The Secret Garden by Frances Hodgson Burnett
ABOUT THE BOOK
Genre: Children’s Fiction
Length: 378 pgs.
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“People never like me and I never like people,” Mary thought.
When Mary Lennox is sent to Misselthwaite Manor to live with her uncle everybody says she is the most disagreeable-looking child ever seen. It is true, too. Mary is pale, spoiled, and quite contrary. But she is also horribly lonely. Then one day she hears about a garden in the grounds of the manor that has been kept locked and hidden for years. And when a friendly robin helps Mary find the key, she discovers the most magical place anyone could imagine.
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I had to pick up and read this book as a part of a Copycat challenge in a Goodreads group, in which you signup to be paired with a partner at random and are given a group member who you have to add and then read a book from “read” shelf. I was going to read this book regardless of having to read it but I’m really glad to pick it up sooner rather than later.
The Secret Garden, film, had been really enjoyable to me as a preteen. The book, however, as an adult, I did not like very much. Most of my issue, actually one of my major issues, lies with one particular passage of the book in the beginning. But before I talk about the characters, I did actually want to mention that I did not care so much for the writing in this book. I don’t know if that was just my experience at trying to read this book in the middle of the night or if it really is the book but some sentences sounded somewhat awkward in their phrasing and this made the reading a bit more complicated for me. Not by much, but slightly. I usually don’t note or look for writing as an important aspect of my reviews unless I see something that is either really good or really bad and The Secret Garden is written in average form at best.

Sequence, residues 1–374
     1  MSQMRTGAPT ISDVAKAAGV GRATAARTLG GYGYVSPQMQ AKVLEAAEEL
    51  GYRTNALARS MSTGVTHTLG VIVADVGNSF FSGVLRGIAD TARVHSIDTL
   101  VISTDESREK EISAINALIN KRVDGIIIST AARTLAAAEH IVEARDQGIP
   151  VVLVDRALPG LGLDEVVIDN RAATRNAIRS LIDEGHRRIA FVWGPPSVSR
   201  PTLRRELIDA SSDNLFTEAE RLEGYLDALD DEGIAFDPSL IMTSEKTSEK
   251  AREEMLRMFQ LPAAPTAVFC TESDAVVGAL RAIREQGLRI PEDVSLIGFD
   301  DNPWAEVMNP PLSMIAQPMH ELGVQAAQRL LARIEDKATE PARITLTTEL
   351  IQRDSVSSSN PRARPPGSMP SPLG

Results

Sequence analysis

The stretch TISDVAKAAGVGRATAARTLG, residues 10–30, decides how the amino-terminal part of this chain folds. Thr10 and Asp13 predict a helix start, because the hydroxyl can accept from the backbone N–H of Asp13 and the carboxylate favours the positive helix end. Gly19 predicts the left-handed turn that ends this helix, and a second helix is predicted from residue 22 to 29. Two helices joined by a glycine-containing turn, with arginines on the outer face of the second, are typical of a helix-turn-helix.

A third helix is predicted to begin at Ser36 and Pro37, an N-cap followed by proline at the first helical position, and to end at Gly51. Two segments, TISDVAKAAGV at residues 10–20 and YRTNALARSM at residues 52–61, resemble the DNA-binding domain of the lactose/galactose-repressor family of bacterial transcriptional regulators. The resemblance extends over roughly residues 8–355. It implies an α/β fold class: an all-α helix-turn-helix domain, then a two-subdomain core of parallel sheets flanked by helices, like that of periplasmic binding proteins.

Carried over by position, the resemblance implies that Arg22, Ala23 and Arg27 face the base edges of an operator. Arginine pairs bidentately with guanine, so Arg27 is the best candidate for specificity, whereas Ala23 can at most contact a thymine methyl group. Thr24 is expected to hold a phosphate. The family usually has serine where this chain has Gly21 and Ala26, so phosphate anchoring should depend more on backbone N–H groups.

The protagonist of the novel, Mary, is a bratty, spoiled child in the beginning of the story and she has some very wrong, preconceived notions about the way the world works. Her parents pass away after India is struck with cholera and Mary has to move across the continent to go live with her only family and uncle. When she meets these new group of people and is introduced to this new environment, I expected her to be a bit resentful and possibly hurt but she is more than just that.
Mary, to my shock and immense displeasure, is a bit of a racist. She, at one point in the beginning, is insulted by Martha (her maidservant) assuming she would be black because she grew up in India. She tells Martha:
“You thought I was a native! You dared! You don’t know anything about natives! They are not people—they’re servants who must salaam to you. You know nothing about India. You know nothing about anything!”